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EPD responds to concerns regarding food waste recycling services
     In response to recent media reports on the food waste recycling measures in Hong Kong, the Environmental Protection Department (EPD) has made the following response today (April 16):

     The EPD has been actively expanding the food waste collection network, including supporting the collection of food waste from commercial and industrial sectors and households. Currently, there are approximately 900 food waste collection points across the territory with a daily collection quantity of about 210 tonnes, representing an increase of 40 per cent compared to the same period last year.

     The EPD, together with the Housing Department (HD) and the Hong Kong Housing Society (HKHS), are expanding the food waste recycling services to all public rental housing (PRH) estates at full steam. At present, the EPD has installed about 530 food waste smart recycling bins (FWSRBs) in 70 per cent (about 150) of the PRH estates in Hong Kong. The EPD's target is to complete the installation of more than 700 FWSRBs in all of the 213 PRH estates across the territory by this August, covering about one-third of the population in Hong Kong. Some media reported that as of February 2024, no FWSRBs had been installed in the PRH estates of Yau Tsim Mong District and Wan Chai District. With the fact that each of the two districts has one PRH estate managed by HKHS, the EPD had already installed a FWSRB in Prosperous Garden, Yau Tsim Mong District on March 13, while the FWSRB in Lai Tak Tsuen, Wan Chai is expected to commence operation by the end of April.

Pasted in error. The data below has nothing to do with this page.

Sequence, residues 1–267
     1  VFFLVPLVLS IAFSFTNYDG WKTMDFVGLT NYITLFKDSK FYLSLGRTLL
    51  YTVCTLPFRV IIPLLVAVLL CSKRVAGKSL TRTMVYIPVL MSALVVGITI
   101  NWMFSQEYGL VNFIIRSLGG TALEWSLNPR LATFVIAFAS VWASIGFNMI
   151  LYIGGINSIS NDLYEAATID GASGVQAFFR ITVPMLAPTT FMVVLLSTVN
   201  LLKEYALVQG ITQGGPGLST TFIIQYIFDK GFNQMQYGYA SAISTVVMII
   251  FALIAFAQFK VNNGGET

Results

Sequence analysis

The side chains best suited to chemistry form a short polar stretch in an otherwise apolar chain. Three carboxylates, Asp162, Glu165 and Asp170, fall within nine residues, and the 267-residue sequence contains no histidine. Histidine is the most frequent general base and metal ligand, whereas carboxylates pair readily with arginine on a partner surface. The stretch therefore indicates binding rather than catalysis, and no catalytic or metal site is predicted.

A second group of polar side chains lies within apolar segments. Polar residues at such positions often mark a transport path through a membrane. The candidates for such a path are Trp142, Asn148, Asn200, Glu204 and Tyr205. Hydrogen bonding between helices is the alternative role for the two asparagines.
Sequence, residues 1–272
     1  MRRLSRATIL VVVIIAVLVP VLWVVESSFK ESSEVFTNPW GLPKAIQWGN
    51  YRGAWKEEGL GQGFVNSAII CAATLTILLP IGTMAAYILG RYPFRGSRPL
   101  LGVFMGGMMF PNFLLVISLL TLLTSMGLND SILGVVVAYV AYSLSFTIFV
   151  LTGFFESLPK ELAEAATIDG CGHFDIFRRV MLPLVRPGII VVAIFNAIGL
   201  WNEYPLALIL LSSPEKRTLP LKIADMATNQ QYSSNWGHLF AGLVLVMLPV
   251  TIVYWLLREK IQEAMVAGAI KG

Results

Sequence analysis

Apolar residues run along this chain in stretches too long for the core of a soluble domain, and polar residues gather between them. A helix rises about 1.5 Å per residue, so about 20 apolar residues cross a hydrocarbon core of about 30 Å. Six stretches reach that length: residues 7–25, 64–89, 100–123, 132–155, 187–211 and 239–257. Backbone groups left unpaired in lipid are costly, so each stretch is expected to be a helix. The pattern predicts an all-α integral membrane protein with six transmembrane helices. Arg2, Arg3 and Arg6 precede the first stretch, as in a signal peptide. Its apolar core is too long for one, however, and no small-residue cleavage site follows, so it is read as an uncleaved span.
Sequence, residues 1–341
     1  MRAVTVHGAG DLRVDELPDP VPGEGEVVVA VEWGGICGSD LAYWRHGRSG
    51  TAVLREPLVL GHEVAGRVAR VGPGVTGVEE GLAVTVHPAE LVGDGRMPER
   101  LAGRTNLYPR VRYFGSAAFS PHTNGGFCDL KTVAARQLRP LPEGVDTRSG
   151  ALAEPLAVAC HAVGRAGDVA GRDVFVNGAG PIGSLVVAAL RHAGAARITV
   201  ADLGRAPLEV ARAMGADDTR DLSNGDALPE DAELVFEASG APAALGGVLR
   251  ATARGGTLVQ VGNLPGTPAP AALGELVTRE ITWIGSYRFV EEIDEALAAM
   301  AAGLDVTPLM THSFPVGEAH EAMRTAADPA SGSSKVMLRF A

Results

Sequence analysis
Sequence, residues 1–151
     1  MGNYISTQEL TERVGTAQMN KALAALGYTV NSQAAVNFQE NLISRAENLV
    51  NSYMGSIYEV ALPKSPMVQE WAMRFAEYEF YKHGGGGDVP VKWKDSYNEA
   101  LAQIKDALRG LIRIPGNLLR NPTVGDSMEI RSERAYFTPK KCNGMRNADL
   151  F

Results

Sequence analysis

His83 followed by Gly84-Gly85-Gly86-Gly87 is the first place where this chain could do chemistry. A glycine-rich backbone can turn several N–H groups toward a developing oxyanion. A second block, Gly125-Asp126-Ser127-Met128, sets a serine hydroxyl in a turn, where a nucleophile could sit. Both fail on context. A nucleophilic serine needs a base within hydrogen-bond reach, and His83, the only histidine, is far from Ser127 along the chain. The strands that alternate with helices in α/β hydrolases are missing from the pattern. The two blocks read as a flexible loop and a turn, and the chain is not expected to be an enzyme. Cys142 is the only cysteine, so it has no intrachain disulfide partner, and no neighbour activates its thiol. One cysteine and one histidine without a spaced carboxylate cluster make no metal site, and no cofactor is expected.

There were some recent media reports stating that the FWSRBs in some individual PRH estates, such as Yau Lai Estate, Kin Ming Estate, and Choi Hung Estate were found to be fully loaded or malfunctioning. Each FWSRB is equipped with an inner bin with a capacity of 120 liters. When the collected food waste reaches 70 per cent capacity, the system will automatically notify the cleaning staff to replace the inner bin. Since there is no limit to the number of times the inner bin can be replaced, each FWSRB can serve at least one to two PRH blocks. Based on actual experience, each inner bin can accommodate food waste from 60 to 70 households, and each FWSRB is sufficient to serve at least 500 households. The EPD has already allocated additional resources to hire manpower for the replacement and cleaning of FWSRBs in the PRH estates. The department estimated an average participation rate of about 10 to 15 per cent in the first year of food waste recycling in PRH estates. As residents gradually develop the habit of food waste recycling, the participation rate is expected to increase progressively. The EPD will review the usage rate of FWSRBs in each PRH estate from time to time and gradually increase the number of FWSRBs in estates where usage is higher.